Institute of Astronomy

Length of a day

Published on 08/02/2012 

Hello my name is Sam and I am 11. I have recently got into Science and I done some research and showed my teacher that there wasnt 24 hours in a day. My teacher said that I was wrong and there was 24 hour in a day. could you help me and tell me the real answer to how many hours, minutes and second there are in a day please?

The answer is that you are both right, the problem is what you mean by 'day', and there are two ways of thinking about it.
One way is the length of time between the Sun appearing in the same place in the sky (overhead for example), this is what people usually think of as a 'day' and is what our clocks measure.  For this way of defining the length of a day there are exactly 24 hours in a day, and in scientific terms this is called a 'solar day'.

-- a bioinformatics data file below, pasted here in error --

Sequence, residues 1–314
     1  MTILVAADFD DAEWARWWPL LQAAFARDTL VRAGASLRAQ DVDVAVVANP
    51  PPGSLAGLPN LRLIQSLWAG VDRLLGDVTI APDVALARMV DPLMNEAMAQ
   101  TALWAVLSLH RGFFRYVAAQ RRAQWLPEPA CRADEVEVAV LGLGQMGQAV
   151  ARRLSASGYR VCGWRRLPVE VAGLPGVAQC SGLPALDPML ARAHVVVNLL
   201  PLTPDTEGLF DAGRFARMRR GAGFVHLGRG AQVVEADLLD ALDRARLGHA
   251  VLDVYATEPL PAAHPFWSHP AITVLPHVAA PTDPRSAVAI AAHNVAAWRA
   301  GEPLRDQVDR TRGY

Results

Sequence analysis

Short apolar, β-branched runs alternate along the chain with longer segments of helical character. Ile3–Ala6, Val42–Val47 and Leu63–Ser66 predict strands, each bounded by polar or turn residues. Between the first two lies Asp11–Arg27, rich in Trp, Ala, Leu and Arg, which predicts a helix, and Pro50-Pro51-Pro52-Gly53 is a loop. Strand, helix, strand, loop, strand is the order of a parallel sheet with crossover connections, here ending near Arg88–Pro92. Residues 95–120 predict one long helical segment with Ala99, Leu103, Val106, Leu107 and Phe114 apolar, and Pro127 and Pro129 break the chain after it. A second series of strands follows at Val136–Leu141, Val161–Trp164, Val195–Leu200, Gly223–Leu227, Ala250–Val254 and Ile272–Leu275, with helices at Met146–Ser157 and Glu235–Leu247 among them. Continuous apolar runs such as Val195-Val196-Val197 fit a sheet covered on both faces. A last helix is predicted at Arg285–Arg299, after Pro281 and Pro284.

The other way of thinking about the length of a day is the time it takes for the Earth to rotate once about it's axis.  This is slightly shorter at only 23 hours 56 minutes and 4 seconds and is called a 'sidereal day'.

You can see why there is a difference between the two in the diagram below (which I admit we borrowed from Wikipedia!).  As the Earth rotates it is also moving around the Sun, so if you are living where the little red arrow is on the diagram by the time the Earth has rotated once (the curved arrows next to Earth show the direction of rotation) it has also moved along its orbit from position 1 to position 2, and although the Sun was directly above the red arrow at position 1 it isn't quite overhead at position 2.  For the Sun to be directly overhead again you have to wait until the Earth has moved and rotated a little further, to position 3, so the usual way people think of a 'day' is slightly longer than the time it takes Earth to spin once.

Page last updated: 17 February 2013 at 12:54